{-# LANGUAGE Unsafe #-}
{-# LANGUAGE NoImplicitPrelude
           , BangPatterns
           , MagicHash
           , UnboxedTuples
           , StandaloneDeriving
{-# OPTIONS_HADDOCK hide #-}

-- |
-- Module      :  GHC.Weak
-- Copyright   :  (c) The University of Glasgow, 1998-2002
-- License     :  see libraries/base/LICENSE
-- Maintainer  :  cvs-ghc@haskell.org
-- Stability   :  internal
-- Portability :  non-portable (GHC Extensions)
-- Weak pointers.

module GHC.Weak (
    ) where

import GHC.Base

A weak pointer object with a key and a value.  The value has type @v@.

A weak pointer expresses a relationship between two objects, the
/key/ and the /value/:  if the key is considered to be alive by the
garbage collector, then the value is also alive.  A reference from
the value to the key does /not/ keep the key alive.

A weak pointer may also have a finalizer of type @IO ()@; if it does,
then the finalizer will be run at most once, at a time after the key
has become unreachable by the program (\"dead\").  The storage manager
attempts to run the finalizer(s) for an object soon after the object
dies, but promptness is not guaranteed.

It is not guaranteed that a finalizer will eventually run, and no
attempt is made to run outstanding finalizers when the program exits.
Therefore finalizers should not be relied on to clean up resources -
other methods (eg. exception handlers) should be employed, possibly in
addition to finalizers.

References from the finalizer to the key are treated in the same way
as references from the value to the key: they do not keep the key
alive.  A finalizer may therefore ressurrect the key, perhaps by
storing it in the same data structure.

The finalizer, and the relationship between the key and the value,
exist regardless of whether the program keeps a reference to the
'Weak' object or not.

There may be multiple weak pointers with the same key.  In this
case, the finalizers for each of these weak pointers will all be
run in some arbitrary order, or perhaps concurrently, when the key
dies.  If the programmer specifies a finalizer that assumes it has
the only reference to an object (for example, a file that it wishes
to close), then the programmer must ensure that there is only one
such finalizer.

If there are no other threads to run, the runtime system will check
for runnable finalizers before declaring the system to be deadlocked.

WARNING: weak pointers to ordinary non-primitive Haskell types are
particularly fragile, because the compiler is free to optimise away or
duplicate the underlying data structure.  Therefore attempting to
place a finalizer on an ordinary Haskell type may well result in the
finalizer running earlier than you expected.  This is not a problem
for caches and memo tables where early finalization is benign.

Finalizers /can/ be used reliably for types that are created explicitly
and have identity, such as @IORef@ and @MVar@.  However, to place a
finalizer on one of these types, you should use the specific operation
provided for that type, e.g. @mkWeakIORef@ and @addMVarFinalizer@
respectively (the non-uniformity is accidental).  These operations
attach the finalizer to the primitive object inside the box
(e.g. @MutVar#@ in the case of @IORef@), because attaching the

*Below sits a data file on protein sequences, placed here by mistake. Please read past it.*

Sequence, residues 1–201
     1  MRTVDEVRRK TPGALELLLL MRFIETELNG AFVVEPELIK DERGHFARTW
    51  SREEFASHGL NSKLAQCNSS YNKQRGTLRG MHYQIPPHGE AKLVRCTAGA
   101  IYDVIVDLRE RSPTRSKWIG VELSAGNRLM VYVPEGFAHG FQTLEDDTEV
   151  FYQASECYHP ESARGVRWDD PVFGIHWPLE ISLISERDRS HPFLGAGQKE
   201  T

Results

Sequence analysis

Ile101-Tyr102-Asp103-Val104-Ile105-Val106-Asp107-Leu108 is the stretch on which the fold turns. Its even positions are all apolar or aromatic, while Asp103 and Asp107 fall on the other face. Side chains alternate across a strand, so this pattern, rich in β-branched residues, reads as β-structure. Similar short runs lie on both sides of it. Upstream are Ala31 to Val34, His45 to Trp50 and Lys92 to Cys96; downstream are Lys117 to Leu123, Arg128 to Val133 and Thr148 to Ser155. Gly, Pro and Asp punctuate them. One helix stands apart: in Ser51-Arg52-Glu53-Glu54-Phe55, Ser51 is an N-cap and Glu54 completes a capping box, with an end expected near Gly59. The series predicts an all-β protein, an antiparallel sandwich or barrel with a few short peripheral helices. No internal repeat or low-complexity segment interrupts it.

finalizer to the box itself fails when the outer box is optimised away
by the compiler.

data Weak v = Weak (Weak# v)

-- | Establishes a weak pointer to @k@, with value @v@ and a finalizer.
-- This is the most general interface for building a weak pointer.
mkWeak  :: k                            -- ^ key
        -> v                            -- ^ value
        -> Maybe (IO ())                -- ^ finalizer
        -> IO (Weak v)                  -- ^ returns: a weak pointer object

mkWeak key val (Just (IO finalizer)) = IO $ \s ->
   case mkWeak# key val finalizer s of { (# s1, w #) -> (# s1, Weak w #) }
mkWeak key val Nothing = IO $ \s ->
   case mkWeakNoFinalizer# key val s of { (# s1, w #) -> (# s1, Weak w #) }

Dereferences a weak pointer.  If the key is still alive, then
@'Just' v@ is returned (where @v@ is the /value/ in the weak pointer), otherwise
'Nothing' is returned.

The return value of 'deRefWeak' depends on when the garbage collector
runs, hence it is in the 'IO' monad.
deRefWeak :: Weak v -> IO (Maybe v)
deRefWeak (Weak w) = IO $ \s ->
   case deRefWeak# w s of
        (# s1, flag, p #) -> case flag of
                                0# -> (# s1, Nothing #)
                                _  -> (# s1, Just p #)

-- | Causes a the finalizer associated with a weak pointer to be run
-- immediately.
finalize :: Weak v -> IO ()
finalize (Weak w) = IO $ \s ->
   case finalizeWeak# w s of
        (# s1, 0#, _ #) -> (# s1, () #) -- already dead, or no finalizer
        (# s1, _,  f #) -> f s1

Instance Eq (Weak v) where
  (Weak w1) == (Weak w2) = w1 `sameWeak#` w2

-- run a batch of finalizers from the garbage collector.  We're given
-- an array of finalizers and the length of the array, and we just
-- call each one in turn.
-- the IO primitives are inlined by hand here to get the optimal
-- code (sigh) --SDM.

runFinalizerBatch :: Int -> Array# (State# RealWorld -> State# RealWorld)
                  -> IO ()
runFinalizerBatch (I# n) arr =
   let  go m  = IO $ \s ->
                  case m of
                  0# -> (# s, () #)
                  _  -> let !m' = m -# 1# in
                        case indexArray# arr m' of { (# io #) ->
                        case io s of          { s' ->
                        unIO (go m') s'
        go n